Israeli journalist Gideon Levy has been termed one of the most hated men in his homeland today. The 62-year-old columnist for Haaretz newspaper writes regularly about the atrocities committed by Israeli troops in occupied Palestine. Levy’s aim, behind exposing human rights abuses committed by the army, is to turn the conscience of his compatriots towards a peaceful settlement with Palestinians. He supports Israel and Palestine coming together as a single country where both Israelis and Palestinians can live with full human rights and dignity. This aim, he acknowledges, remains far beyond reach. Israelis have reacted radically to Levy’s writings: he is an isolated man, who in July 2014 was under armed guard- and not for the first time- for having received death threats from Israelis unwilling to confront the situation in their own backyard. Levy, who participated in a discussion at the Zee Jaipur Literature Festival 2015, spoke to dna’s Suhit Kelkar about his chosen cause.

You are a very radical commentator on the Israel-Palestinian conflict. In the Seventies, however, your views were completely nationalistic, were they not?A. Yes, I believed that Jews are right, Palestinians are wrong. They want to kill us and throw us into the ocean. That was partly but not fully true. Most Israelis still believe that to be true. What led you to change your beliefs?A. A friend took me around the Occupied (Palestinian) Territories and I saw the dark backyard of Israel. The brutal tyranny of the military regime which governs people who have no civil rights at all, they have no citizenship, they don’t have a state. In Gaza they are living under siege. Would you kindly give us an instance of the brutality that you have witnessed?A. Among the first stories that I did was about a (Palestinian) woman who was about to give birth. This was near Jerusalem. The woman was trying to get to hospital in a car with her husband and her brother-in-law. At three checkpoints she was refused entry (by Israeli soldiers). Finally she gave birth in her car. Then she appealed to the Israeli soldiers to take her baby to hospital, which they refused to do. So she walked 2.5 km with her baby in pouring rain in the night, and the baby died. This story was a big scandal in Israel. There are many such stories. Nowadays, Israelis have become used to it. Because you wrote about such things, you became unpopular in Israel, did you not?A. Yes, the more I saw, the more radical I became. But most Israelis don’t want to know about the occupation, don’t want to know about crimes that are committed on their behalf. Did this not lead to a very risk-laden life?A. In 2003, the second uprising, my car was shot at by Israeli soldiers near Turkarem, a Palestinian town in the West Bank. The soldier didn’t know who was in the car. Luckily, it was a bullet-proof car, otherwise we would not be here speaking today. You have received death threats too…A. Many. It is almost routine. Recently someone spit on my Swedish girlfriend and me in Tel Aviv, where I live. My newspaper gave me a bodyguard in July. Did your writings result in a loss of friends?A. My friend circle reduced in a way. It’s not about politics. It’s about morality. I cannot be a friend of someone who doesn’t share my values. Someone who can’t perceive the Palestinians as human beings cannot be my friend. What about your two sons? What do they think about your beliefs?A. They don’t share my views. They love and respect me, and in a way they are proud of me. Are you censored by the Israeli government or have you ever faced threats from the Israeli army? Why not?A. Because Israel ,not the backyard of Israel, is a liberal democracy and freedom of speech is a value and freedom of journalism is a value. What is the situation like in occupied Palestine right now?A. The West Bank is on the eve of an uprising. There are little acts, but no feeling of organized uprising right now. It might get out of control. But I am not sure because Palestinians are still bleeding from the second Uprising. It is like a volcano. The Israeli elections are coming up. What do you think might happen?A. Very soon… the 17th of March. It might be that (prime minister Binyamin) Netanyahu might not be re-elected. Labour (party) will take over. Is there a politician in Israel who can make a change in Israeli-Palestinian relations?A. The Labour party is moderate. Racialism and nationalism will be reduced under Labour. But they will not put an end to occupation. They were in power for so many years and they did not do so. Given that India and Israel are coming closer and increasing military cooperation, what is your message to the Indian government?A. Friendship with Israel does not mean accepting the occupation (of Palestine). The occupation is criminal, and is not recognized by any country in the world, and the world has to do something about it.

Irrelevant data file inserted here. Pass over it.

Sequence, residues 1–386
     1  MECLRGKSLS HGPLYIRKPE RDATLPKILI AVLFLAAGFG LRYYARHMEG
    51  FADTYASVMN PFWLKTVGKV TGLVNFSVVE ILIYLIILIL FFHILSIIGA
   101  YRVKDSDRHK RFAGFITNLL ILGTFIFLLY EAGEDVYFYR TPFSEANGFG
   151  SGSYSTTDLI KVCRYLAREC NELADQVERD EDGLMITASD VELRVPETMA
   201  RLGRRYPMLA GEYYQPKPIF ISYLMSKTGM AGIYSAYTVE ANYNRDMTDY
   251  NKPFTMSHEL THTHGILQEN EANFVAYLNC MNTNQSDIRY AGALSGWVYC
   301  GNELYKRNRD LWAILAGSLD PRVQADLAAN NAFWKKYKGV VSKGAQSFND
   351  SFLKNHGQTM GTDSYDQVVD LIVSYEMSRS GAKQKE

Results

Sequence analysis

Original link: 

Zee Jaipur Literature Festival: Israel on the brink of change: Gideon Levy